Yet, some good has come of the evil.
Many holy and sacred things spring up in a nation's soul from the seed sown by persecution. Suffering purifies and refines, and a people learns the value of coherence and unity mainly through oppression. There is also something ennobling in the love of an object out of self, in the devotion to an abstraction called Country; in this dream of freedom, with all the word means — dignity, honour, self-reverence, and self-respect. It will be a sad day, perhaps, for the higher national life when Ireland has no more dreams, and the country no more martyrs, for then an ideal will have passed out of the life of the people, and a nation without an ideal aim on which to concentrate the passions, soon becomes hopelessly materialised, inarticulate, and dull. The subtle, spiritual fancies, and the finer issues of human feeling, are stifled by the sensuous, selfish enjoyment of the actual and the present; and nations, as well as individuals, become hard and cold, without the divine impulse of sacrifice and self-abnegation. To the impassioned nationality of the Irisb, with its large indefiniteness of aim and instincts of resistance, may be also
due much of the fervour of Irish eloquence. All oppressed nations are eloquent. When laws forbid a people to arm, they can only speak or sing.
Words become their weapons, and the Irish armoury is always bright and burning. Nationality, this dream of an ideal future, illumines their poetry and oratory, their music and song, with a vague splendour of passion and pathos, and preserves even the common speech and popular literature of the people from the coarseness and vulgarity so obtrusively characteristic of the English lower classes.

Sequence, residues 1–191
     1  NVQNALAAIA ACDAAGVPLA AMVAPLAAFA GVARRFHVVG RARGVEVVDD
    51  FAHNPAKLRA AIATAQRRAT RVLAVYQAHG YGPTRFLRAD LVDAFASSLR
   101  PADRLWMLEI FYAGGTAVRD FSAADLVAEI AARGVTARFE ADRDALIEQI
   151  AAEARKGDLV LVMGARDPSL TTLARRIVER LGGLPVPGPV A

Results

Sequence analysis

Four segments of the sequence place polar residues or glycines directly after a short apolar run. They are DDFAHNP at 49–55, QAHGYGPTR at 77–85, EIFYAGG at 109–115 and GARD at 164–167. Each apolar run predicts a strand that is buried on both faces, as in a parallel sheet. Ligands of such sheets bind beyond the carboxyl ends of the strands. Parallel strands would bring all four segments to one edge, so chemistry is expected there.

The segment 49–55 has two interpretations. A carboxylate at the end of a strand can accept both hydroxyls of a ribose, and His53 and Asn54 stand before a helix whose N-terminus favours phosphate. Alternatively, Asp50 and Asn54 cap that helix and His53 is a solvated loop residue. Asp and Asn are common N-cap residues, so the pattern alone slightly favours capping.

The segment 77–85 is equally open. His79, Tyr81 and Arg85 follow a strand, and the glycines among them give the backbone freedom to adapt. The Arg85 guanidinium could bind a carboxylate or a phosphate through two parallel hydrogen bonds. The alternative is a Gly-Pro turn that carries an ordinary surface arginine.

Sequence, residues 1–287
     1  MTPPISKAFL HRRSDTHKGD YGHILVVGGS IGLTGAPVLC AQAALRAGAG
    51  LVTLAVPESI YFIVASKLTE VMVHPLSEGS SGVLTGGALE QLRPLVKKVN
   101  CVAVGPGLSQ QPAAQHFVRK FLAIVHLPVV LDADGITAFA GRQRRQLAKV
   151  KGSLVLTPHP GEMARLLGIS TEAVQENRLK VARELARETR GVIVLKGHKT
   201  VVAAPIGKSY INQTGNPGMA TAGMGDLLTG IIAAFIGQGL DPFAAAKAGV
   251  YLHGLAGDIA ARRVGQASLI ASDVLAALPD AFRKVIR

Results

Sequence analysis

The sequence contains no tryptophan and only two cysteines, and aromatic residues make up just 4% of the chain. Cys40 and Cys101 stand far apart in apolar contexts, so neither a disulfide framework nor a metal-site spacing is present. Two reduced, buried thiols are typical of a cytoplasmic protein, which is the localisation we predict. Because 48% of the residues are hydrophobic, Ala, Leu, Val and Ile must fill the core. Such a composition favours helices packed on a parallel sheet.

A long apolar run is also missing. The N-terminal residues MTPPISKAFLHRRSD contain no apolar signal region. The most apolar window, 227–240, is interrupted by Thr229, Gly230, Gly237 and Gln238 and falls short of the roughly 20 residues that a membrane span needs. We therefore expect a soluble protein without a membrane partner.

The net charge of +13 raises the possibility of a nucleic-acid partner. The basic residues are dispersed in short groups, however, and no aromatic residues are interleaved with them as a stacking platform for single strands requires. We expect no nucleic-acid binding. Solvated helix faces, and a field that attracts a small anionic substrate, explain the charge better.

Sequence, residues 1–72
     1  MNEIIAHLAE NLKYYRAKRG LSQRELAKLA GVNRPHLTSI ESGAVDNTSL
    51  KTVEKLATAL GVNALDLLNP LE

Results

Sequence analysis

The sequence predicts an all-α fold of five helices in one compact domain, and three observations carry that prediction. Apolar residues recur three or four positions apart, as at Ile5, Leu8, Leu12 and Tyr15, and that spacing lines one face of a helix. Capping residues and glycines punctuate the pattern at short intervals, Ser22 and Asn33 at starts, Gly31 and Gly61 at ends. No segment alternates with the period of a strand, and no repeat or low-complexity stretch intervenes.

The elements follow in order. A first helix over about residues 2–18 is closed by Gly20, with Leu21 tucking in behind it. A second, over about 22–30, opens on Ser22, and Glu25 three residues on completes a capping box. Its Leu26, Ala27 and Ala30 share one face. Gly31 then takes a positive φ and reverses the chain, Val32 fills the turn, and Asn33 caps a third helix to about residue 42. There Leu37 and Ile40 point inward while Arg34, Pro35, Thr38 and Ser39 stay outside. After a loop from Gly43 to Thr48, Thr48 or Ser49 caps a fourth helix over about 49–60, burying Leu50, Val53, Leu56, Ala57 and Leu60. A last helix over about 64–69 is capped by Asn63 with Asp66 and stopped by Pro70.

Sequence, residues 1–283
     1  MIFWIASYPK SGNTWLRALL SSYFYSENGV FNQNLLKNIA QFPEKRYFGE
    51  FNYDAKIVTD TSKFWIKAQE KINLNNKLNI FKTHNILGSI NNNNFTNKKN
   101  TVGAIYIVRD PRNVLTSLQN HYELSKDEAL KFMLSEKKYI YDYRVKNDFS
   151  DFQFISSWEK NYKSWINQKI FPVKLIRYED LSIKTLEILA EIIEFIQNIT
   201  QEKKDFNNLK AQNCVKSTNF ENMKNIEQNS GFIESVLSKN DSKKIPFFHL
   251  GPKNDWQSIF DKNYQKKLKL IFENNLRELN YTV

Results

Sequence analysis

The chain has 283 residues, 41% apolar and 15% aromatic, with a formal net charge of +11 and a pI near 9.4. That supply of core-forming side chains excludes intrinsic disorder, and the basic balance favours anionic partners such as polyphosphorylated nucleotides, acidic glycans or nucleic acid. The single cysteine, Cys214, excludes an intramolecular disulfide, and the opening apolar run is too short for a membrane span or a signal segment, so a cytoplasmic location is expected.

Ireland, then, has some compensation for her sufferings; many fine-toned chords in the nature of her people, a gentle courtesy of manner that is almost reverential, and a power of winning sympathy and love which the stolid English organisation, with its plethoric prosperity and self-centred egotism, is entirely without.
It is remarkable, also, that wherever the Irish are located in other lands, they never forget the old country. It is still the Mecca to which their eyes are ever turned. Exile even seems to intensify their feelings, and the fearless oratory of passion glows with a fervour that would be impossible in the police-ruled country at home. In America, more especially, free speech knows no limit with regard to the past and future of Ireland. Irish festivals are celebrated there with words that clang like swords, while memorial rituals keep the martyrs of freedom for ever living before the eyes of the people. Armed clubs are named after the chief leaders of Irish revolt, and solemn processions mark the anniversary of each national tragedy, for there are no triumphs to record in Irish history.